This month’s mystery is a historical mystery with a dash of archaeology. We’ll be discussing what happened to the great Mayan civilization. More importantly, why do all of the impressive, expansive cities found within the Mayan Empire seem abandoned. And why, frustratingly, do people consider the Mayan Civilization lost?
Who Were the Maya?
We’re going to do a quick gloss over of the Mayan Civilization so we all have the groundwork going into this mystery. The Mayan Civilization was a culture centered in Mesoamerica. They were an accomplished culture with a written language, bountiful mythology, complicated system for timekeeping, and way more. There have been many, many books written about the Mayan Civilization, but suffice it to say that they flourished. They recorded their history, had a vast culture of art, and were adept farmers. The Mayan Civilization flourished from as early as 2000 BC and extended to 900 AD, which is the end of the Classic Period. This is not the end of the Mayan Civilization, but it is the point at which the civilization “mysteriously” declined.
Lots of Theories
There have been so many theories bandied about in discussions of what happened to the Mayan Civilization, most of them alluring in their grandiosity and their mysticism. Let’s tackle these theories in two groups – the first group of theories are ones that absolutely did not happen. The first is that the Mayan Civilization was plagued by mass disappearances. These are insinuated to be supernatural in nature, and the reason why so many of their advanced cities were seemingly abandoned. And that leads us into our next theory – that extraterrestrial beings had something to do with the mass “disappearances.” Now the general gist of these theories is that the Mayan Civilization was decimated by mass alien abduction. Why? Well, I couldn’t really find a coherent explanation of why that would happen. So that’s that. (Yeah, this totally did not happen.)
Now onto the theories that seem plausible, or perhaps are factors that played into the migration patterns that led the Mayan peoples away from their population centers. The first is that some sort of communicable disease spread through the densely populated areas of the Civilization, killing off much of the population. While this theory is definitely more plausible than aliens, there doesn’t seem to be any concrete evidence to back it up. There is, however, some very sound conjecture, and similar collapses have been seen in other societies. The second theory in this group is that the Mayan Civilization was disassembled due to political infighting and war. This, again, is possible but there are no documented revolts or other uprisings that would point to this theory.
The latest theory to come from the quest for answers as to what happened to the Mayan Civilization is a little less exciting and magical than ones that have been posited in the past, but it also is the most plausible one so far. The latest theory is that climate change forced the Mayan Civilization from their once bountiful land, leading to the abandoned cities explorers have found and marveled over for hundreds of years. The gist of this theory is that several environmental factors led the Mayan people to leave their largest cities – which were often seen as “abandoned” by white explorers who then stumbled upon the unoccupied cities. Wood was high in demand among the Maya, and this demand led to fairly severe deforestation of the land. As the trees were felled, the rainfall patterns were affected. In turn, their farms and water sources were affected. As these effects became harder and harder to tolerate, the Mayan people migrated to places with more favorable environments – most historians agree that they likely migrated to the coasts of Mesoamerica.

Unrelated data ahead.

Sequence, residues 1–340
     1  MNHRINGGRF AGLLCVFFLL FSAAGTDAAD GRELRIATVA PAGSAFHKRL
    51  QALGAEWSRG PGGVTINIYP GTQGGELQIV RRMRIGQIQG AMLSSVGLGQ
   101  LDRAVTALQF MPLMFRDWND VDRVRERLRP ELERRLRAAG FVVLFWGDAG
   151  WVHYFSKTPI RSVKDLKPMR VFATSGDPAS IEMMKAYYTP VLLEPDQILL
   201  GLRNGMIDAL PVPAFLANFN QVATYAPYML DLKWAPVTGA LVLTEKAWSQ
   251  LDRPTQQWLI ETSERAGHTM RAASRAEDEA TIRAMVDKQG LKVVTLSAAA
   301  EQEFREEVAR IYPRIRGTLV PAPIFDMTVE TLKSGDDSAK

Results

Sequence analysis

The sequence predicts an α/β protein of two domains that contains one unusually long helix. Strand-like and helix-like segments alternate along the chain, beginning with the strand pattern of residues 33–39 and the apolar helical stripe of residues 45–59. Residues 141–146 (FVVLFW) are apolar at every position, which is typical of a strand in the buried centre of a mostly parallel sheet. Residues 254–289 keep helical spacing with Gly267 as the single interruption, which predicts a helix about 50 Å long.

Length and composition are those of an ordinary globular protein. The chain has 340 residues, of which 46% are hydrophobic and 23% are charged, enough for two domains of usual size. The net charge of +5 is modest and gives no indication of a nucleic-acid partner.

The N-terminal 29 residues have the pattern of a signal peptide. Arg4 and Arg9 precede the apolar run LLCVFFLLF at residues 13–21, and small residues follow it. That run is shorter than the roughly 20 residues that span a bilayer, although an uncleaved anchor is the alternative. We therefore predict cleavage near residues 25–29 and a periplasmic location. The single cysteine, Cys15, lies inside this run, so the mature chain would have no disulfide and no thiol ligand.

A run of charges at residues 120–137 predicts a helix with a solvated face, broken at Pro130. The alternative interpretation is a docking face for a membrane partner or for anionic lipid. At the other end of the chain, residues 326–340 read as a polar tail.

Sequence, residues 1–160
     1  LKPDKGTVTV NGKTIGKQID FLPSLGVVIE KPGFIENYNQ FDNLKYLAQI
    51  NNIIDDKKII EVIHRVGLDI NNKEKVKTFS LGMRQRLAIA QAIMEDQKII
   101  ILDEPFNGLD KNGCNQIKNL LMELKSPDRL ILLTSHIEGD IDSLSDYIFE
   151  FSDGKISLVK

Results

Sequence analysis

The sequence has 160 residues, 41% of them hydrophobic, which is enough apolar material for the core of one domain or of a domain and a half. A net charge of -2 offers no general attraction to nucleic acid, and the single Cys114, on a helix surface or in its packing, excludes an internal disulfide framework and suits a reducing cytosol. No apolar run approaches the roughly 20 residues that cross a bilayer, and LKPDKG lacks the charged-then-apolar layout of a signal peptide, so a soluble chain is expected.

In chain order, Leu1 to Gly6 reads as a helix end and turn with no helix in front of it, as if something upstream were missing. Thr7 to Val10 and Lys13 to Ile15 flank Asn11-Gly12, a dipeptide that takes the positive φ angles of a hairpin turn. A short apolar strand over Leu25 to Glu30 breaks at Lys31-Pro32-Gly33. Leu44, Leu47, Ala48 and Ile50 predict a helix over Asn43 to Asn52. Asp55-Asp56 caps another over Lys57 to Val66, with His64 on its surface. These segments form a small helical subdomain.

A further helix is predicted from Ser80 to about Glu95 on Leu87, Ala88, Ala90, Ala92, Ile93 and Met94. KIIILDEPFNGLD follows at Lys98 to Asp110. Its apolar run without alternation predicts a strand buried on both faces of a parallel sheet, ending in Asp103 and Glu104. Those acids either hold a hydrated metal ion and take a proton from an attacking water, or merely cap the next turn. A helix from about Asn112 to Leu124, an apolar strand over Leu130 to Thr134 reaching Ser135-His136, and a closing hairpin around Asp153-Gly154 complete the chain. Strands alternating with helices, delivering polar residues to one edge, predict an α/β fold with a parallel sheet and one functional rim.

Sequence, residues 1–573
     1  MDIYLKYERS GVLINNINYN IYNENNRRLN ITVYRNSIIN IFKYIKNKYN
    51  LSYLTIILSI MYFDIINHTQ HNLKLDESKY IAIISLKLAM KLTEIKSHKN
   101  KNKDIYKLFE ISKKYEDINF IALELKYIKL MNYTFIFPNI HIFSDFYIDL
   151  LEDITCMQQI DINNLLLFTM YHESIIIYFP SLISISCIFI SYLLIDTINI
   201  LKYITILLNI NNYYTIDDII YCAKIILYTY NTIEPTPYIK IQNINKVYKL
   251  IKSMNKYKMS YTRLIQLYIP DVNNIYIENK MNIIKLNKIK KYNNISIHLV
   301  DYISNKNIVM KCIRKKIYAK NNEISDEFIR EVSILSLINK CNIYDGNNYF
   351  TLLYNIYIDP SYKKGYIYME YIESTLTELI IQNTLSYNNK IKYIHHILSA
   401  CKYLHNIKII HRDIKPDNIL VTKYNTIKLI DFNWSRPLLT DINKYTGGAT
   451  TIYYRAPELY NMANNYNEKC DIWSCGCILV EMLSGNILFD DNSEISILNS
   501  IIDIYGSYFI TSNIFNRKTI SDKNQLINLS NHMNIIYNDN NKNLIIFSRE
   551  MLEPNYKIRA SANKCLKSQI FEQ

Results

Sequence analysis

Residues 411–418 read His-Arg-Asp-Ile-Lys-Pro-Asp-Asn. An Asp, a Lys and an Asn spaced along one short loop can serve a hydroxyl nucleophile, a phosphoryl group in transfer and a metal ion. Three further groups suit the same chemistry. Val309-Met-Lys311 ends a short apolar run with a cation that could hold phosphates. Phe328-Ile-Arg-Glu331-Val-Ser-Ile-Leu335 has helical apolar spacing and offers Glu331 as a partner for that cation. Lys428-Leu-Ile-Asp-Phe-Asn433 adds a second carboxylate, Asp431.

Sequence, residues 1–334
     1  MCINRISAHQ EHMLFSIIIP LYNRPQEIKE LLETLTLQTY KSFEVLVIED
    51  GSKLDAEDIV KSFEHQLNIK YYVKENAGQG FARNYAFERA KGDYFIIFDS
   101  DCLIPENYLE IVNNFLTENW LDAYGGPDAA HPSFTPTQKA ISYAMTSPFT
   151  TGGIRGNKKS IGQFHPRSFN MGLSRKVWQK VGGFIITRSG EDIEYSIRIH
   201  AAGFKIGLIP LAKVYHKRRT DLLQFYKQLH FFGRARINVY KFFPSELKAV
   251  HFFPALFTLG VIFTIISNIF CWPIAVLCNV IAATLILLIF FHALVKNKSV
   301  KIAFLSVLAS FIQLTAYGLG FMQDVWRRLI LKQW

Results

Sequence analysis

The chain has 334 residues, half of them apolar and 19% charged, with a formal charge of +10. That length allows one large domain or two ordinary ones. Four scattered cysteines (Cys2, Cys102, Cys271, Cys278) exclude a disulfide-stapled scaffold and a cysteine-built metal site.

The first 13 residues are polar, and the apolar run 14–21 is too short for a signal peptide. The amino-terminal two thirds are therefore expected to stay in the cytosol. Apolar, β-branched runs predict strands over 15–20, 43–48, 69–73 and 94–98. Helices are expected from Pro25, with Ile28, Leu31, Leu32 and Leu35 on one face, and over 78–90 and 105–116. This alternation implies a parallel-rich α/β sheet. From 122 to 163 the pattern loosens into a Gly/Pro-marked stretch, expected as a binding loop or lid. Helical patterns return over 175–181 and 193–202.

And, to be perfectly blunt, calling the Maya “lost” is incredibly ignorant. Mayan people still exist and their movements can be tracked. Just because their cities were seemingly abandoned doesn’t mean the entire civilization crumbled. The Maya are not lost. The Maya adapted as their surroundings changed. Calling them lost is demeaning and diminishes their history.
The biggest takeaway here is that Occam’s Razor is a principle for a reason. We all, as humans, are drawn to more out-there theories. It’s human nature to be more interested in the ideas that set our imaginations running. The closer things hit to home, the less inclined we are to jump to it as the first conclusion. In the case of the “Lost” Maya, people tend to want to talk about more magical theories like mass disappearances, aliens, apocalypse, wars, and genocide because those things feel far-off. Like they can’t happen to us. Things like climate change are too real to consider. However, because it’s too real, maybe we should put that theory at the top of the list of possibilities. Just my two cents.